chebe: (StepIntoTheLight)
[personal profile] chebe
Three *years* ago I started this project. At a Christmas Jumper Make Night for charity. It seemed like a simple idea; sew up some LEDs with some conductive thread. The first year I only got most of the felt snowflake done. The second year I got the SewIO board wired up. It wasn't until the third year that I managed to complete the circuit. And there are problems, but we'll get to that.

This is the front of the jumper, a nice calming snowy winter sky theme. Decorated with felt cutouts, sequins, beads.



Winter Jumper
Photo by chebe



The central 'snowflake' has twelve blue LED sequins. And this is where we see the problem. They are extremely faint. And one of the spokes (i.e. two of the LEDs) don't appear to have enough power to light up at all.



Winter Jumper, LEDs lit up
Photo by chebe



This is the inside of the front of the jumper. That is the no-longer-available SewIO8 board that enables independent control of each of the spokes of the snowflake through use of only two pins on the microcontroller.

The black stuff is a fusible knit interfacing, which is being used here to stabilise the knit jumper under the central snowflake. To help it retain its shape under the weight of the components, and to reduce how much that section will stretch.

I wanted to try a new arrangement for placing the microcontroller and battery, to keep them as much out of the way as possible. Typically I've put them around the waistline and down the sides but found this both awkward to get at, and an area that heats up very quickly. I figured that since the neckline of tops are reinforced to limit stretching/losing shape, and that that area doesn't see a lot of movement/friction, it would be a good idea to try running the circuit there. The flat goldish strips are conductive knit fabric. There are four channels; power, ground, and two for controlling the SewIO8. I attached the conductive fabric with fusible tape, and overlaid it with fusible knit interfacing, but, as is to be expected, repeated stretching made most of the glue come apart. So I went along at various intervals with some groups of stitches. (This sadly left a visible puckering on the outside, so to try and distract from it I added the additional snowflakes, sequins, and beads.)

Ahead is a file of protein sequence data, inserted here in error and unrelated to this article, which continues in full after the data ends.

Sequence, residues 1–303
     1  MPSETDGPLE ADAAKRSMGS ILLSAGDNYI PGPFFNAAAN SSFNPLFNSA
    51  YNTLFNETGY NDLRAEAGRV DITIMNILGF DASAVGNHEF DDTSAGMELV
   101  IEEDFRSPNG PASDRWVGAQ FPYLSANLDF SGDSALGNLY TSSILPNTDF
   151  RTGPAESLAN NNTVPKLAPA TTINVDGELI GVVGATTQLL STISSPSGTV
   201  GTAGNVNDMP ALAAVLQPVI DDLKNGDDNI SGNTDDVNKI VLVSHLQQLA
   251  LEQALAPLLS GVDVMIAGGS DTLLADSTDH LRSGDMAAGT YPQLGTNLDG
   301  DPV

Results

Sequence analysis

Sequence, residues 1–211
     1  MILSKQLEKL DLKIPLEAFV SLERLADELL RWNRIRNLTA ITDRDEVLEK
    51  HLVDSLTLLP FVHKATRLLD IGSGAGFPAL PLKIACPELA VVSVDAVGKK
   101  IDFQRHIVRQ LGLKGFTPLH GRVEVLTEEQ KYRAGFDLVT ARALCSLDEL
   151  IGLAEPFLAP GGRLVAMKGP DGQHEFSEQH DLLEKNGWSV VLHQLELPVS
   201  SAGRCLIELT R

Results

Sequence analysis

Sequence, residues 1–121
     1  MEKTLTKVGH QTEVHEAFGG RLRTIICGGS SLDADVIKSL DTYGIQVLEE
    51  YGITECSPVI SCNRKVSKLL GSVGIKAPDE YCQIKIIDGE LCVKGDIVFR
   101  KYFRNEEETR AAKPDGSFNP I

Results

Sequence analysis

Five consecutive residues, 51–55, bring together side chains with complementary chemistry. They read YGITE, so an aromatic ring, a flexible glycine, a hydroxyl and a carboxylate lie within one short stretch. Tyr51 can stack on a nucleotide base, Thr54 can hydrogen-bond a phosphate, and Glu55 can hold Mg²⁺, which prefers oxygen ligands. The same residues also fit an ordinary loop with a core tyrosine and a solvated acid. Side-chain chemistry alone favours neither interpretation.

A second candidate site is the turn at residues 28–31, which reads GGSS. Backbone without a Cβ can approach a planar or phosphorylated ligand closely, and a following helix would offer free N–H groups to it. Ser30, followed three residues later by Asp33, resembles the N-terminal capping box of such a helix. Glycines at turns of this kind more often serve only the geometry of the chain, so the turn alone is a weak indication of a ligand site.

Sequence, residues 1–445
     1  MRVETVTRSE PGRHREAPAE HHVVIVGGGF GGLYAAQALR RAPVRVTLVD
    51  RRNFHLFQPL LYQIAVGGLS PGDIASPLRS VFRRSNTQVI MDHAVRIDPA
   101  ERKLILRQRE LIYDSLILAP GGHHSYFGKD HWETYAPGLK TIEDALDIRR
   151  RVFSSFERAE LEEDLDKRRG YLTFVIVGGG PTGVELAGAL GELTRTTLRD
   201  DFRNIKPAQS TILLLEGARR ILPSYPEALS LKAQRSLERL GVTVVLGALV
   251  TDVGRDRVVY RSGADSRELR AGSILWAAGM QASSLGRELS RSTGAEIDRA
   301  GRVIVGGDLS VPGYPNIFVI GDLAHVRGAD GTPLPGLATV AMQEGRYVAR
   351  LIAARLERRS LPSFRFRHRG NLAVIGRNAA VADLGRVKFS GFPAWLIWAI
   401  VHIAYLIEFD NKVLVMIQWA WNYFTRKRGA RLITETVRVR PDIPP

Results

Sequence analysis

Inside circuitry, front
Photo by chebe



The four traces run to the Lilypad Simple microcontroller at the back of the neck (another region that seems to undergo very little movement/stress. Also reinforced with fusible knit interfacing. The conductive fabric traces are connected to the microcontroller with conductive thread.

Plenty of room and pins left available for adding additional components for interactively. But, in year four. Maybe.



Inside circuitry, microcontroller
Photo by chebe



Because I didn't fancy the chances of the felt of the snowflakes going through the washing machine even once I made it removable by using metal snaps to attach it to the circuit. (Also, ideally, to allow use of different seasonal pictures if the mood strikes. But the extra snowflakes mostly spoiled that idea.)



Outside connections
Photo by chebe



If you look at the back of the snowflake you can see (under white fusible knit interfacing) the positive and negative conductive thread traces that connect up the LEDs, and the metal snap connections.



Back of detachable LED piece
Photo by chebe



All in all, except for the faintness of the LEDs, I am happy to declare this project finished.

It was pointed out that most light-up jumpers are so bright that it can hurt to look at the person wearing them, so dimmer, softer, LEDs aren't actually a bad thing. Especially as this kind of jumper is typically worn in winter, in dark pubs. That is a very good point. I just wish it was intentional.



Winter Jumper, modeled
Photo by chebe

Page generated 2017-Mar-26, Sunday 01:37 am
Powered by Dreamwidth Studios